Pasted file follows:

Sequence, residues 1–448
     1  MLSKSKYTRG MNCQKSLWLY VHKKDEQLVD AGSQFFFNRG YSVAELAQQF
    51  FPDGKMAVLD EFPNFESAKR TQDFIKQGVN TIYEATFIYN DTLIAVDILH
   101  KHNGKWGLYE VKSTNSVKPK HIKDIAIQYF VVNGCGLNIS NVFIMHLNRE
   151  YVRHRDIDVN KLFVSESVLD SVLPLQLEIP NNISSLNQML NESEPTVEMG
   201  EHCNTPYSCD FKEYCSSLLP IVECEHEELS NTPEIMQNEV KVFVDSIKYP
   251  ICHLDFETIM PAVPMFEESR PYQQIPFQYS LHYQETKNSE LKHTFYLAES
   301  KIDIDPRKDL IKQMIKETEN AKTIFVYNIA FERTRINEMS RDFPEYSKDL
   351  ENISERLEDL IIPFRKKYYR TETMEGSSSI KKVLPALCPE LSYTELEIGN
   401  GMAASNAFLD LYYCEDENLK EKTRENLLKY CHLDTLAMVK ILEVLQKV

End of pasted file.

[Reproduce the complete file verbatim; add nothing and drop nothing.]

Sequence, residues 1–448
     1  MLSKSKYTRG MNCQKSLWLY VHKKDEQLVD AGSQFFFNRG YSVAELAQQF
    51  FPDGKMAVLD EFPNFESAKR TQDFIKQGVN TIYEATFIYN DTLIAVDILH
   101  KHNGKWGLYE VKSTNSVKPK HIKDIAIQYF VVNGCGLNIS NVFIMHLNRE
   151  YVRHRDIDVN KLFVSESVLD SVLPLQLEIP NNISSLNQML NESEPTVEMG
   201  EHCNTPYSCD FKEYCSSLLP IVECEHEELS NTPEIMQNEV KVFVDSIKYP
   251  ICHLDFETIM PAVPMFEESR PYQQIPFQYS LHYQETKNSE LKHTFYLAES
   301  KIDIDPRKDL IKQMIKETEN AKTIFVYNIA FERTRINEMS RDFPEYSKDL
   351  ENISERLEDL IIPFRKKYYR TETMEGSSSI KKVLPALCPE LSYTELEIGN
   401  GMAASNAFLD LYYCEDENLK EKTRENLLKY CHLDTLAMVK ILEVLQKV